Colin Mayer is the Peter Moores Professor of Management Studies at the Said Business School at the University of Oxford. He is a Professorial Fellow and Sub-Warden of Wadham College, Oxford and an Honorary Fellow of Oriel College, Oxford and St Anne's College, Oxford. He was appointed Commander of the Order of the British Empire (CBE) for services to business education and the administration of justice in the economic sphere in the 2017 New Years Honours. Colin Mayer was the first professor at the Said Business School, and the first Director of the Oxford Financial Research Centre. He was also previously the Peter Moores Dean of the Business School. He was a Harkness Fellow at Harvard University, a Houblon-Norman Fellow at the Bank of England, the first Leo Goldschmidt Visiting Professor of Corporate Governance at the Solvay Business School, Universite de Bruxelles, and has had visiting positions at Columbia, MIT, and Stanford universities.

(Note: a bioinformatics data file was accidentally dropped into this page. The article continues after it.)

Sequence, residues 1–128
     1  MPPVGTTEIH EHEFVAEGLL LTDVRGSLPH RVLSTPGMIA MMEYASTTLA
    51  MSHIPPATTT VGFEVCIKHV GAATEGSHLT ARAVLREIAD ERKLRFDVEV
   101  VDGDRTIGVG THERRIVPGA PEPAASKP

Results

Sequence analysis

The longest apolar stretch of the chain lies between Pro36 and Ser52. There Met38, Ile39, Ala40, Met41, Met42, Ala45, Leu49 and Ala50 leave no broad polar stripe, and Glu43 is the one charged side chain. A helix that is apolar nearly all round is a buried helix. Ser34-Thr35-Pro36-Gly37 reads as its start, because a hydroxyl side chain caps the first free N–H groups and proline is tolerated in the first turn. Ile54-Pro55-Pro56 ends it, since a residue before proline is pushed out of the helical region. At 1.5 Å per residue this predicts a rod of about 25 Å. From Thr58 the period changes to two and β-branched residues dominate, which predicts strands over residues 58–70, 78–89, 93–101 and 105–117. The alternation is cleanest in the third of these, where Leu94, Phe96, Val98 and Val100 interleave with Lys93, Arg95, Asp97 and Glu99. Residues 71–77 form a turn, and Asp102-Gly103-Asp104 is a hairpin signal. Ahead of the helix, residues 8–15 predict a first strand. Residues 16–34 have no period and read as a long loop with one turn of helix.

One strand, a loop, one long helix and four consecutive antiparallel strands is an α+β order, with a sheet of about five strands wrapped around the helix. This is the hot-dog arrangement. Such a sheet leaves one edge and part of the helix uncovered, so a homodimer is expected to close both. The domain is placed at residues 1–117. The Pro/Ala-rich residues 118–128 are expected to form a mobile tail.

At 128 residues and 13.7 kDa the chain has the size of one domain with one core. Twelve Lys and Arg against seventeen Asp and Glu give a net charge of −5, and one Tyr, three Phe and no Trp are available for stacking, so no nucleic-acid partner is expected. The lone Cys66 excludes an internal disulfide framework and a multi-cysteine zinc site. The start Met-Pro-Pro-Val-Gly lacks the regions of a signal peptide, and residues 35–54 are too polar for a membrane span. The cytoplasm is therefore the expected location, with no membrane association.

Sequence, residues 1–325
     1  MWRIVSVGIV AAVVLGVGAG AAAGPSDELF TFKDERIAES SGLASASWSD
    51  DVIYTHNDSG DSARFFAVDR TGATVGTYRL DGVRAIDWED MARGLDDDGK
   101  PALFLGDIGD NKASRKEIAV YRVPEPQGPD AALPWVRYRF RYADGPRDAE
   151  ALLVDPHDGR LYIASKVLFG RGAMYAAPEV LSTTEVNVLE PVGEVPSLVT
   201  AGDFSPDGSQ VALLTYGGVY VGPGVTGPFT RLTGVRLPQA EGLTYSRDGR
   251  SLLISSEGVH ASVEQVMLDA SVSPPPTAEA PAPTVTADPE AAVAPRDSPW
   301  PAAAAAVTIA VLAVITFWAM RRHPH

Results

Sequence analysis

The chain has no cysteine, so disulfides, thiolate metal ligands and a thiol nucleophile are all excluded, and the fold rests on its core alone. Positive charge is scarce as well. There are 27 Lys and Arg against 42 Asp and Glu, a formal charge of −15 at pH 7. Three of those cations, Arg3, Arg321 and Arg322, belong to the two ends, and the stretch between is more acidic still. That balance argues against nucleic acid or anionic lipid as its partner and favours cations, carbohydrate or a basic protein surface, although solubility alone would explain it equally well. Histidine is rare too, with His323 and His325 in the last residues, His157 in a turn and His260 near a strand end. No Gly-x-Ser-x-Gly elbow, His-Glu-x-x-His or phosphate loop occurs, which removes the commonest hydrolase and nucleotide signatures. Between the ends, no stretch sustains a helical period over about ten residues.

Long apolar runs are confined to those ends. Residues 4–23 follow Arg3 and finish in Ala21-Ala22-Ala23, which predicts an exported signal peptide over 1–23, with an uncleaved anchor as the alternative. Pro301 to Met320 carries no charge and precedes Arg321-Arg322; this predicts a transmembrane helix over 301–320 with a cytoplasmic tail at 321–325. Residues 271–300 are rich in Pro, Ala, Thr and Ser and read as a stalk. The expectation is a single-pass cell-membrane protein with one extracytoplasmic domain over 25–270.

One of the most pressing questions facing the world today is 'What is the role of the corporation in society?' Thanks to Professor Colin Mayer we now have a definitive answer: the corporation's role is to fulfill its purpose. In an intellectual and very readable tour de force, Professor Mayer brings to bear an astonishing range of academic disciplines to present a very practical framework for how company's need to be managed today. For their own sake and the sake of us all. * Robert Eccles, Founding Chairman of the Sustainability Accounting Standards Board and Professor of Management Practice, University of Oxford * Prosperity makes a limpidly clear and convincing case for an urgent re-think of the role of business in society. The fifty years since Friedman gave the doctrine of 'shareholder value' totemic significance have seen the interests of proprietors, governments and communities diverge. This has produced unacceptable inequalities in outcomes and shocking destruction of the environment. The arguments Colin makes for radical reform of the role of the corporation in society are compelling, and rooted in common sense and fairness. I hope that many others involved in defining the purpose of their businesses learn as much from Prosperity as I have. * Peter Norris, Chairman of Virgin Group * This is a timely and highly insightful treatise on the urgent need to revisit today's misguided and simplistic views on the purpose of the corporation. It is a significant contribution addressing the growing economic and social challenges confronting us today. * Cyrus Ardelan, Chairman, Citigroup Global Markets Ltd * With characteristic courage and purposeful passion, Mayer challenges the status quo as to who corporations serve and benefit. Prosperity presents a paradigm shift, revealing tomorrow's corporation today. It marks the start of a new age of enlightenment, which will stimulate the sensibilities of all who care about the role of business in society. * Guy Jubb, former Global Head of Governance and Stewardship, Standard Life Investments * Colin Mayer has elevated the conversation about business and society. Bold enough to reimagine an economic system, specific enough to drive action, Prosperity introduces the higher-order thinking necessary to build a more Inclusive Capitalism. * Lynn Forester de Rothschild, CEO of E.L. Rothschild and the Coalition for Inclusive Capitalism * The financial crisis and its aftermath called for answers - questions were raised instead. Our corporate and political environments have been severely shaken for more than a decade. We have to find new approaches and look for better answers to bring our social market economies into balance. Colin Mayer relentlessly challenges conventional wisdom, combining diverse academic fields and bringing business to meet academia. Prosperity is building on a wealth of research looking at the broader picture and its many corners to seek appropriate answers to the challenges of our world. Is 'purpose first, prosperity follows' the answer? * Daniela Weber-Rey, non-executive director of HSBC Trinkaus & Burkhardt and Fnac-Darty * Businesses have a duty to do well by stakeholders as well as shareholders. How did too many corporations lose their sense of purpose? What is the right path to build responsible, sustainable relationships with society? This insight-rich book offers a comprehensive guide for restoring trust between companies, consumers, and communities. Professor Mayer makes a compelling argument that the purpose and values of modern corporations have been diluted and it will take the work of executives, legislators, regulators, bankers, investors, and even shareholders to fix. * Dominic Barton, Global Managing Partner Emeritus, McKinsey & Company * Rarely in the history of economics and law does a person observe the current state of the world, recognize its deficiencies, and put forth a policy and paradigm that is destined to change the world. John Maynard Keynes in the twenties and thirties and now Colin Mayer are prime examples. This book is destined to be the bible of the Mayer-Paradigm of corporate governance and the template for the policy changes that are necessary to implement it. * Martin Lipton, Senior Partner Wachtell, Lipton, Rosen & Katz * A wonderful manifesto for change and essential reading for any who remain to be convinced that business can - and should - be a force for a societal good. One of the most insightful and comprehensive accounts yet of how - and why - the corporation needs to change if it is to meet the needs and expectations of a new era. Thoughtful and well-argued, Mayer has done the cause of enlightened capitalism great service. * Paul Polman, CEO, Unilever * In his humane and readable book, Colin Mayer makes a compelling case for a new concept of the corporation, and the need to treat corporate purpose as far more than shareholder value. In showing how restoring trust is key to a true future prosperity, it will reframe much of our thinking on this central subject. * The Hon. Mr Justice William Blair, High Court Judge of England and Wales. * Here is the case for reinventing the corporation so that it serves human well-being. Colin Mayer shows both why an exclusive focus on shareholder value is damaging, and how purposeful changes could support trustworthy corporations that combine social and business benefits. * Baroness Onora O'Neill of Bengarve, Emeritus Professor of Philosophy, University of Cambridge * Our world does not have long for business to escape its 40 year-long capture by the Chicago school. This book is an historic milestone in economic theory because it marks the final nail in Milton Friedman's intellectual coffin. It does this by illuminating a pragmatic pathway for business and policy makers to follow, to escape an anachronistic orthodoxy that is killing our beautiful planet and our precious communities. They must study it closely and then move fast, so that we all - and those who come after us - might avoid calamity and, instead, prosper. * James Perry, Chairman of Cook * A powerful reply to the steadily increasing criticism of free market business... So far, the defenders of capitalism have failed to find a convincing voice or to offer any significant ways to improve how business is perceived. Now Colin Mayer provides answers and a coherent manifesto for change. * Peter Chadwick, IEDP Book Reviews * A book that will transform the attitudes and perspectives of corporations. * Robert L. Brown, Juriste International * Excellent ... a vitally important subject and it's a really well-written book. * Diane Coyle, The Enlightened Economist * His [Colin Mayer's] book is a resounding paean and radical road map towards a bright future for the corporation and capitalism. * Andrew Hill, The Financial Times * Mayer's manifesto recasts the company's place in society. * Andrew Edgecliffe-Johnson, the Financial Times * [A] remarkable and radical new book. * Martin Wolf, The Financial Times * Mayer of the Said Business School at Oxford is one of the world's foremost critics of the idea that the aim of companies is to maximise shareholder value. This, he argues cogently, represents a betrayal of one of humanity's most extraordinary inventions. * Martin Wolf, Books of the Year 2018, The Financial Times *